Development of High Temperature Carbon-Silicide-Carbide Composites via Reactive Melt Infiltration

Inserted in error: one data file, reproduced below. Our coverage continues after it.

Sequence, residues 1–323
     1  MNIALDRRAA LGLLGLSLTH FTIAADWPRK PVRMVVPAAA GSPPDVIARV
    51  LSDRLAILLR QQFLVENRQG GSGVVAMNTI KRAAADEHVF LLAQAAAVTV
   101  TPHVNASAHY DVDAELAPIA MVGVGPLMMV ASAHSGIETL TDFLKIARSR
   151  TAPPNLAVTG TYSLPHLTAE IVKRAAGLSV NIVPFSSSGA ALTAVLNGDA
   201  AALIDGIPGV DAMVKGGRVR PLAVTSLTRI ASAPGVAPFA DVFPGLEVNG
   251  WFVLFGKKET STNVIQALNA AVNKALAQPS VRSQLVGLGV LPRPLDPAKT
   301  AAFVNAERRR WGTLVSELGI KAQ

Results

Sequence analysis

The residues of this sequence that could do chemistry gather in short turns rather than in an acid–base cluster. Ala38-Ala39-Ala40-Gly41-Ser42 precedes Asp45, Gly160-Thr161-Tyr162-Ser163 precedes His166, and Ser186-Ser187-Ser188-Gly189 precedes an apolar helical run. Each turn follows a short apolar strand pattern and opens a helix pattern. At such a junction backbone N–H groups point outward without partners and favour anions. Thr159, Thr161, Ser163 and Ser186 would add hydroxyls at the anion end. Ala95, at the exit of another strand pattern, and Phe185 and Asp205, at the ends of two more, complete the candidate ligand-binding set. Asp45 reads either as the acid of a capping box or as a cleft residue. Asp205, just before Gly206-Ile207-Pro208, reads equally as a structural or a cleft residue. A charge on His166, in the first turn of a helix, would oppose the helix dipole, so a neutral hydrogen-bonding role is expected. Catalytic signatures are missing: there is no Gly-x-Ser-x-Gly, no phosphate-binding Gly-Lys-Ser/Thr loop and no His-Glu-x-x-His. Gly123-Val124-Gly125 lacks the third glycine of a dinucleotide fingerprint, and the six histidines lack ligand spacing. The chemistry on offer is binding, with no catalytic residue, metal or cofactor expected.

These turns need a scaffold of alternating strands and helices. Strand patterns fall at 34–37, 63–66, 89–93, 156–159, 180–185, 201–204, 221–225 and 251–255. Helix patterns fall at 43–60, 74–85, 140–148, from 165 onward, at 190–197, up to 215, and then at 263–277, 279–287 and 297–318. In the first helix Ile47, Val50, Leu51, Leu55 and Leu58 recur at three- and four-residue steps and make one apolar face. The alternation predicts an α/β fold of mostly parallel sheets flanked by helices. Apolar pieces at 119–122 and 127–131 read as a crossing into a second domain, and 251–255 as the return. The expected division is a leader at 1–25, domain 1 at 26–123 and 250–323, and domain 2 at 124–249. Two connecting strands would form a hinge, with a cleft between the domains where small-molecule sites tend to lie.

The development of a silicide-carbide composite using melt infiltration technique was investigated. A carbon fiber preform was infiltrated with an alloyed melt of Si, Ti and MoSi2. In order to prevent the melt from reacting heavily with the fibers and keep a weakly bonded interface, the temperature of the melt was reduced to 1600 °C by adding Si and Ti to MoSi2. The infiltrated samples were studied using XRD, SEM and DTA techniques. SiC was shown to be the major phase in the matrix. MoSi2 and solid solutions of Si, Mo and Ti could also be found in the matrix. Under optimised conditions, composites without residual silicon could be obtained. Bending strength, and creep resistance of resulted composites were measured and compared with silicon-infiltrated samples. At room temperature and also at 1600 °C the strength of C/C-composites was higher than infiltrated felts. Similarly the alloyed-melt-infiltrated felts showed higher strength than silicon-infiltrated felts. C/C composites showed only marginal creep while the felt composites underwent considerable deformation at 1600 °C.